Concert Association to abandon its Broward Center series
The Concert Association of Florida will drop its Broward Center lineup next season, drawing the curtain on a series that brought the world’s top classical artists and orchestras to Fort Lauderdale for nearly two decades.
“This really could be the end of classical music in Broward County,” said Sue Gunzburger, Broward County commissioner and a leading advocate for the arts. “We lost the Florida Philharmonic and now we lose this.”
“It’s a substantial loss for classical music,” added Mary Becht, director of Broward County’s Cultural Division. “Their situation has been fragile for a long time. The demise of the Florida Philharmonic was the saddest day of my life and this just makes things worse.”
Robert Hudson, chairman of the Concert Association board, said he wasn’t aware any definitive decision had been made but Broward Center officials and arts groups received letters from Concert Association CEO Al Milano last week announcing their plans.
Concert Association founder and long-time president Judy Drucker started her Fort Lauderdale series with the opening of the Broward Center for the Performing Arts in 1991. Over the years, the series has featured classical artists such as Mstislav Rostropovich, Renee Fleming, and Maxim Vengerov, all the major American orchestras (Chicago Symphony, New York Philharmonic, Philadelphia and Cleveland orchestras) and most of the top international orchestras as well.
Just a few years ago, the Broward Center schedule was the jewel of the two-county Concert Association lineup, consistently outselling events in Miami-Dade. That began to change in 2006-2007 when ticket prices were substantially raised. Subscriber flight accelerated in recent seasons with the controversy over Drucker’s departure and subscribers’ lack of enthusiasm about what many considered less starry events compared to those being offered at the new Adrienne Arsht Performing Arts Center in Miami.
It was clear that the Concert Association’s Broward series was in deep trouble at this season’s opening event in November with a less-than-half-full house for Valery Gergiev and the Kirov Orchestra.
News of the end of the Broward series was greeted with dismay but not surprise by subscribers, who felt the quality had gone downhill after Drucker left in the summer of 2007.
“It’s very disappointing,” said Robert Kaufman, who has been a subscriber with his wife, Mercedes for over fifteen years. “We had a long spell when Judy was running things when it was quite successful. But the last couple of years have been worse than disappointing since the change in regime.”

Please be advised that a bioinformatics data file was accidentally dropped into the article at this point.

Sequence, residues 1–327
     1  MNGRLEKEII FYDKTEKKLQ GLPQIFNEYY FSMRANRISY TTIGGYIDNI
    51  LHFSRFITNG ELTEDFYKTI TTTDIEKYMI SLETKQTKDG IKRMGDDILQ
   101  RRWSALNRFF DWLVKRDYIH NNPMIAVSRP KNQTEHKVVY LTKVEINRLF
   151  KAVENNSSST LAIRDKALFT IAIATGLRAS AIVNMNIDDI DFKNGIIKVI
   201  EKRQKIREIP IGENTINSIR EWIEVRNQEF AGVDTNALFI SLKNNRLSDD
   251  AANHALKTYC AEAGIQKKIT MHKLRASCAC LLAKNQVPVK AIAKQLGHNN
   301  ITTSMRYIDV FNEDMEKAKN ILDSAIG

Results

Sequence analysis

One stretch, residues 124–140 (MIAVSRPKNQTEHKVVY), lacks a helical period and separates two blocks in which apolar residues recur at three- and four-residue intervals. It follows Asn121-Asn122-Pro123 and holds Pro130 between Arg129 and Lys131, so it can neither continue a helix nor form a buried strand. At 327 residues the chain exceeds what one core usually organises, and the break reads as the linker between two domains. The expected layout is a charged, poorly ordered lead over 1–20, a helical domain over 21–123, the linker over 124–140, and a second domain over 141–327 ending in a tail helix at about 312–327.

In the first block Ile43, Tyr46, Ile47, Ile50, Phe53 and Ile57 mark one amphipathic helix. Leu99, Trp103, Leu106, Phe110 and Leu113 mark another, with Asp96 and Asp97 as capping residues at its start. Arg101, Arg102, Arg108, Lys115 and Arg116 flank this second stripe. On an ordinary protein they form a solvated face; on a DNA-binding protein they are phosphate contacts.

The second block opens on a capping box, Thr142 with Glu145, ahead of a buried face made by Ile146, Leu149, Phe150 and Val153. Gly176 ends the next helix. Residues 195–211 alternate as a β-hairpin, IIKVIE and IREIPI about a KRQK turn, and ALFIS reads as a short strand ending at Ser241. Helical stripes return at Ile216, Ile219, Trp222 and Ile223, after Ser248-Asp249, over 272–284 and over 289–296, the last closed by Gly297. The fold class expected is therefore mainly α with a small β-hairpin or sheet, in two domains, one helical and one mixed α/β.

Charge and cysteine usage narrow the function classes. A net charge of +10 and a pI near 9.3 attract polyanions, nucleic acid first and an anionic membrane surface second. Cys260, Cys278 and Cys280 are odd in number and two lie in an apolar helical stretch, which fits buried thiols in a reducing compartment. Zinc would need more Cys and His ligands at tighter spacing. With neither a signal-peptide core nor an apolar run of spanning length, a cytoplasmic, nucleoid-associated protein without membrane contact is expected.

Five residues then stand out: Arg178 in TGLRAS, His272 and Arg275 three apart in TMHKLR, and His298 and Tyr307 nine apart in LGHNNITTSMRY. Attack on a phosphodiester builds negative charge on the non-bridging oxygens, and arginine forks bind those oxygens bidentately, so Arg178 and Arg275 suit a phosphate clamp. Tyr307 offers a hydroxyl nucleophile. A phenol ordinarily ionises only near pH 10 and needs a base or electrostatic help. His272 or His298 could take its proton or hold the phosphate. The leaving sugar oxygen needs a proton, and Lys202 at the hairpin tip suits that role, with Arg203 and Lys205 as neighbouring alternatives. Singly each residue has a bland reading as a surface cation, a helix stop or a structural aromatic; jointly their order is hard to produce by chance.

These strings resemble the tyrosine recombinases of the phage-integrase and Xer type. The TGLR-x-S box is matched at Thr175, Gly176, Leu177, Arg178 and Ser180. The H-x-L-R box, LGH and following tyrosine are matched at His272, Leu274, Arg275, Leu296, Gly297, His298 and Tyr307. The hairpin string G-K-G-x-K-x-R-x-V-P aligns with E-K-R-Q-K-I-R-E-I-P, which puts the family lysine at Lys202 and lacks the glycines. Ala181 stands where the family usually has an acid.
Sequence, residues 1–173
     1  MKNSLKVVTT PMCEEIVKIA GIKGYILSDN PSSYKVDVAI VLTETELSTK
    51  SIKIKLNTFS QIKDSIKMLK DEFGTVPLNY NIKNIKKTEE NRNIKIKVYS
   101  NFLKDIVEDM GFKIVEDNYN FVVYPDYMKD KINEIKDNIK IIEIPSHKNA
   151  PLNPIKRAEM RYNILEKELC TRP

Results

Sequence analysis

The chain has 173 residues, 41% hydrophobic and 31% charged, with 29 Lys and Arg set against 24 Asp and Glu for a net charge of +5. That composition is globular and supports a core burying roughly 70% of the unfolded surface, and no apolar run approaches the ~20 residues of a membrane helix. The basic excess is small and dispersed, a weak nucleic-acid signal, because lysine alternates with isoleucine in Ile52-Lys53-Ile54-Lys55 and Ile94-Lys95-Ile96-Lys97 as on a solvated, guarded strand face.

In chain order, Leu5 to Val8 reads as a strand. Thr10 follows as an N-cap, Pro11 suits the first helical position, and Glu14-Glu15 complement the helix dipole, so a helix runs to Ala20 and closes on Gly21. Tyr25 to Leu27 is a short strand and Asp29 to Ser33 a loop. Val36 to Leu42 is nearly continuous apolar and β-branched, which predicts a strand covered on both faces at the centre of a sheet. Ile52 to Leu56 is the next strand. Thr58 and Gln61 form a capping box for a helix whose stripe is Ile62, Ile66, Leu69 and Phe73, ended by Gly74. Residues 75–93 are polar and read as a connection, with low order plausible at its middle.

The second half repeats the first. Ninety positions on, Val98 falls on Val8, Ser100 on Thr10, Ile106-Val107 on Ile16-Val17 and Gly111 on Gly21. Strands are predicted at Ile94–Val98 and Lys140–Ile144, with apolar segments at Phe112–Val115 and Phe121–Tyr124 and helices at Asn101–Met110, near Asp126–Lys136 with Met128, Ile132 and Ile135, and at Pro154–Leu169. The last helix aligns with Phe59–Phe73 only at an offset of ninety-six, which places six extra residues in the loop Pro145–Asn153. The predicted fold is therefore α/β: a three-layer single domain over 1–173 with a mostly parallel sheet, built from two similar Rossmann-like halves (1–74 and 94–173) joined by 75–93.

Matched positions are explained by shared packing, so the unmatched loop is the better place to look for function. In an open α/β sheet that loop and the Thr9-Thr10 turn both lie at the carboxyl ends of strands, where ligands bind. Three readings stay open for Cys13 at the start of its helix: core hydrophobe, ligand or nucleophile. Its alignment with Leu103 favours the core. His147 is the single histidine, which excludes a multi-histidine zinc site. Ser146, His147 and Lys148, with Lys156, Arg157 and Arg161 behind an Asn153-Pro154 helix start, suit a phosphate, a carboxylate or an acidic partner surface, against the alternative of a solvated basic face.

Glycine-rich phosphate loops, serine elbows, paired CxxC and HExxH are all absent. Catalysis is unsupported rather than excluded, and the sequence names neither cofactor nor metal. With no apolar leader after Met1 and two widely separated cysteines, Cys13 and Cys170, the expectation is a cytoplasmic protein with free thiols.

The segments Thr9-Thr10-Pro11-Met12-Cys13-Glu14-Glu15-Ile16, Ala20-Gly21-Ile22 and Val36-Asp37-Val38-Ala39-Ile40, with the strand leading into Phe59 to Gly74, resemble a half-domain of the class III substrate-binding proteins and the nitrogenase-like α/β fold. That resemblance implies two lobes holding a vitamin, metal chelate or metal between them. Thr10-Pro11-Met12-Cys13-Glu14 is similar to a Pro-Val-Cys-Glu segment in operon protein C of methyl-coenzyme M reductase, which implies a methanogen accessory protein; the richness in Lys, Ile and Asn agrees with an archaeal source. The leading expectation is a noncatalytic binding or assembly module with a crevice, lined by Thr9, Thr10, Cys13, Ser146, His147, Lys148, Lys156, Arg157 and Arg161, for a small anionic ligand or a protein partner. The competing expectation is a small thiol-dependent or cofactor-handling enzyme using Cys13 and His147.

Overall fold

David Rosenbaum once regularly attended Concert Association events at the Broward Center. “The programming has been bad for the last few years, which is why I stopped going,” he said. Rosenbaum also questioned the prices being charged, particularly those for the Concert Association’s new local freelance ensemble, the Florida Symphony. “I was willing to support the new orchestra but not at a hundred bucks a ticket.”
The Concert Association events for this season are still scheduled to take place, with Wynton Marsalis and the Lincoln Center Jazz Orchestra in Miami tomorrow night, and the Czech Symphony Sunday in Fort Lauderdale. The latter concert is being presented not at the Broward Center but at the smaller, out-of-the-way Parker Playhouse.
Subscriber Kaufman seemed to speak for many when he said that mismanagement and a lack of commitment to classical music by current Concert Association officials was as much to blame as the harsh economy. He also believes that Broward Center leadership was complicit in the collapse of the classical series due to the center’s lack of commitment in providing available dates for the Concert Association.
“They made it quite clear that they weren’t going to go out of their way to encourage and foster classical music,” said Kaufman. “They made a bad situation worse.”
Gunzburger said that while hard economic times undoubtedly played its part in the decline of Broward audiences in recent seasons, much of the blame was self-inflicted due to steep ticket price increases and fewer top orchestras being presented in Fort Lauderdale.
“They lost the Broward audience,” said Gunzburger of the Concert Association. “The premiere events were all at the Arsht Center.”
She said that she hoped that Kelley Shanley, the recently appointed new president of the Broward Center, would consider starting a new classical series to fill the void, something previous Broward Center leaders had shown little interest in pursuing, preferring more profitable Broadway musicals.
“You have to have a balance of events,” she said. “I’m very concerned that we have no classical music in Broward. People should have a wide variety of choices of events to attend.”
Kaufman, a retired senior in Boca Raton, said people like him who reside in southern Palm Beach County are more likely to attend Kravis Center events now in West Palm Beach rather than drive the longer distance to Miami. “We’ll just cherry-pick individual concerts.”
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Wed Jan 21, 2009
at 11:41 am